Let’s see. Should I do a recording review of this CD of 29 songs by the man who wrote the memorable songs for the sparkling movie “Meet Me In St. Louis” and Broadway’s “Improbable Musical Comedy” High Spirits?
Or should I do a book review of the accompanying 84 page book which is much too thick and full of treasures to be called just a “booklet”?
How about both?
All of these riches are devoted to little known (or, in some cases, unknown) songs by the man who wrote such well known ones as “The Trolley Song,” “The Boy Next Door” and, the unforgettable “Have Yourself A Merry Little Christmas.” That, of course, would be Hugh Martin.
Note the parenthetical data in the subtitle “Songs for Stage and Screen (1941 – 2010).” What a span of time for one songwriter!
For nearly seventy years, when they said “They don’t write ’em like they used to” they had to exclude Mr. Martin. As this collection so deliciously demonstrates, he kept on writing them just as marvelously when he was in his nineties as he did in his twenties.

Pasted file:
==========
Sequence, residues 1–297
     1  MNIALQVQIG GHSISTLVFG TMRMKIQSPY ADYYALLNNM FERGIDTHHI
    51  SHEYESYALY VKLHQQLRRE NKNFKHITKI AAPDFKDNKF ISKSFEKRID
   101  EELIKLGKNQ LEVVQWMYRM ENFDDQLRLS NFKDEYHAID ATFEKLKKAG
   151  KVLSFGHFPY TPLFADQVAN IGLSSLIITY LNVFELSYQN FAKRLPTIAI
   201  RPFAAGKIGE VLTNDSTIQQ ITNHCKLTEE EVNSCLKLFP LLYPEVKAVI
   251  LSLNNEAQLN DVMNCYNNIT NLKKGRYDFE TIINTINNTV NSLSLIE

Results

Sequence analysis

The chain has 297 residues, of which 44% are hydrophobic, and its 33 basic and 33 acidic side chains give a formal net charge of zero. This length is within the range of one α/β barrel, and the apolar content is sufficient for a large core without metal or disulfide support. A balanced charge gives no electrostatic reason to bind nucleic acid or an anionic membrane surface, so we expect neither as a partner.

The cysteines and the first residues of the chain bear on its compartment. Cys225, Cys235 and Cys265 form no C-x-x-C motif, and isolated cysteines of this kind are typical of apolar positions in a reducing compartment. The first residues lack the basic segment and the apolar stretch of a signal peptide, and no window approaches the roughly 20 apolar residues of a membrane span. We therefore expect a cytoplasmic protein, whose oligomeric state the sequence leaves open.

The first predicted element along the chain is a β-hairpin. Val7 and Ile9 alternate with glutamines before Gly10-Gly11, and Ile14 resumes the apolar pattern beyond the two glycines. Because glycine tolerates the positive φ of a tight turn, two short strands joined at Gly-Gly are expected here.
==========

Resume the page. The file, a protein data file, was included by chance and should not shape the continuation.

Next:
Martin, who died just last year, had a remarkable combination of a poetic command of language, a superb sense of syncopation and a talent for selecting a concept for a song that seemed simple but could carry profound or at least un-hackneyed messages.
Check out the swing of “The Three B’s” (that’s “the barrelhouse, the boogie-woogie and the blues”) from Best Foot Forward, the lilt of “Gotta Dance” from Look, Ma, I’m Dancin’!, the wistfulness of “I Happen to Love You” from Hans Brinker or the gentleness of his last completed song, “I Don’t Know What I Want” from the unproduced musical of Picnic.